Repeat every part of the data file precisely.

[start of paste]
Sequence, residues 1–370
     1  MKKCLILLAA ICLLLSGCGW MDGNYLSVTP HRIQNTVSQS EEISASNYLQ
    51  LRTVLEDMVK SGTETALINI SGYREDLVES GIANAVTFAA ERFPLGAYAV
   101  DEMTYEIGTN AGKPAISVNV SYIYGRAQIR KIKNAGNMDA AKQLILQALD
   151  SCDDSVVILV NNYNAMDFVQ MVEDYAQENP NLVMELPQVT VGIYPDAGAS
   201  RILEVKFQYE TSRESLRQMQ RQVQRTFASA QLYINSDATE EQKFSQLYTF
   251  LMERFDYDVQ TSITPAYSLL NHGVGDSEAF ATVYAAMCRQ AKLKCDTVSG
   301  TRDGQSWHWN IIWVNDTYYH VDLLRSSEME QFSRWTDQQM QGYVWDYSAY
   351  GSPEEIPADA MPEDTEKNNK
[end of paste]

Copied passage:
Sequence, residues 1–370
     1  MKKCLILLAA ICLLLSGCGW MDGNYLSVTP HRIQNTVSQS EEISASNYLQ
    51  LRTVLEDMVK SGTETALINI SGYREDLVES GIANAVTFAA ERFPLGAYAV
   101  DEMTYEIGTN AGKPAISVNV SYIYGRAQIR KIKNAGNMDA AKQLILQALD
   151  SCDDSVVILV NNYNAMDFVQ MVEDYAQENP NLVMELPQVT VGIYPDAGAS
   201  RILEVKFQYE TSRESLRQMQ RQVQRTFASA QLYINSDATE EQKFSQLYTF
   251  LMERFDYDVQ TSITPAYSLL NHGVGDSEAF ATVYAAMCRQ AKLKCDTVSG
   301  TRDGQSWHWN IIWVNDTYYH VDLLRSSEME QFSRWTDQQM QGYVWDYSAY
   351  GSPEEIPADA MPEDTEKNNK